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‘I am not a psychiatric case,’ Breivik tells court

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Norwegian right-wing extremist Anders Behring Breivik, who is on trial for killing 77 people last July, insisted to an Oslo court Friday that he is sane.

“I am not a psychiatric case,” Breivik told the court when questioned by a lawyer for the plaintiffs about his understanding of “empathy”, insisting “I am criminally sane.”

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“When you see something so extreme, you could think that it is insanity, but you have to differentiate between political extremism and insanity in the clinical sense of the term,” he said.

The 33-year-old right-wing extremist testified extensively Friday about how he had consciously worked for years to block out his emotions, using a special kind of Japanese meditation, to prepare for his attacks and also to get through his 10-week trial.

“I know what I have done. I know what I have caused,” he told the court, but added that he had decided not to try to truly “comprehend the suffering I have caused” for fear he would break down.

Breivik wants to be found sane and accountable for his actions so that his ideology and manifesto will not be considered the ravings of a lunatic.

If he is found sane, he will get a 21-year jail term which would be extended indefinitely if he is still considered a threat to society. If he is found insane he could receive closed psychiatric care, possibly for life.

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MLK was ‘gravely disappointed’ with white moderates — whom he believed were responsible for impeding civil rights

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"We also realize that the problems of racial injustice and economic injustice cannot be solved without a radical redistribution of political and economic power."

—Martin Luther King Jr., 1967

This Martin Luther King Jr. Day comes as moderate Democrats, falling in line behind former vice president Joe Biden, are warning that the party risks re-electing Donald Trump if it nominates too radical a candidate for president — by which they mean someone like Senators Bernie Sanders or Elizabeth Warren.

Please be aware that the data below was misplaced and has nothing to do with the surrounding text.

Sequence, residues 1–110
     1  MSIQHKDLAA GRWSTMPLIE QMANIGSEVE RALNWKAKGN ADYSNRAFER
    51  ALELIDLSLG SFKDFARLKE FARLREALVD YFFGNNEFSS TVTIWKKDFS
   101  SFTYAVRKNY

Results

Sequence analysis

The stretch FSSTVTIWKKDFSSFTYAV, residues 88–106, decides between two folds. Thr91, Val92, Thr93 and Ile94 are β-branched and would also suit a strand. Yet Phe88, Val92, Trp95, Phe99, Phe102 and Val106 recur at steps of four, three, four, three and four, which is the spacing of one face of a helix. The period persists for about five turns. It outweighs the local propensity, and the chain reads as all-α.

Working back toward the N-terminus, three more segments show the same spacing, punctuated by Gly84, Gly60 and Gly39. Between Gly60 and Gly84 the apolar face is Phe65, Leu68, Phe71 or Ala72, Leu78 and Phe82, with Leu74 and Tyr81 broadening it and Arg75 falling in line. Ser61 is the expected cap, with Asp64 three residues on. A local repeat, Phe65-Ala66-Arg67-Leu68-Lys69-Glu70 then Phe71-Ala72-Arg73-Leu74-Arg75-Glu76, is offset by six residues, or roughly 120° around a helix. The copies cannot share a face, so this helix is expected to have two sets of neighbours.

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Harvard law professor Laurence Tribe catches Alan Dershowitz in humiliating hypocrisy

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Harvard Constitutional law professor Laurence Tribe called out President Donald Trump's lawyer, Alan Dershowitz, Sunday on Twitter, noting that his opinions seem to evolve depending on who he's defending.

Dershowitz is on a kind of press junket for the president, defending him in various media appearances. The former lawyer to Jeffrey Epstein is handling Trump's defense as it pertains to the abuse of power. Dershowitz thinks that charge has no basis in law. In fact, impeachment trials aren't actually legal proceedings, they're political proceedings, because the Justice Department claimed that Trump can't be indicted under the law while he's president.

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Watergate’s John Dean thinks Trump wrote part of his legal team’s brief — because it’s so terrible

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Former White House counsel for Richard Nixon, John Dean, explained that the legal brief out of President Donald Trump's White House was so bad that it had to have been dictated by Trump himself.

Saturday evening, Trump's legal team, chaired by Trump lawyer Jay Sekulow and White House counsel Pat Cipollone, filed their own form of a legal brief that responded to the case filed by Democrats ahead of Tuesday's impeachment trial.

The document called the proceedings “constitutionally invalid” and claims House Democrats are staging a “dangerous attack” with a “brazen and unlawful attempt to overturn the results of the 2016 election and interfere with the 2020 election.”

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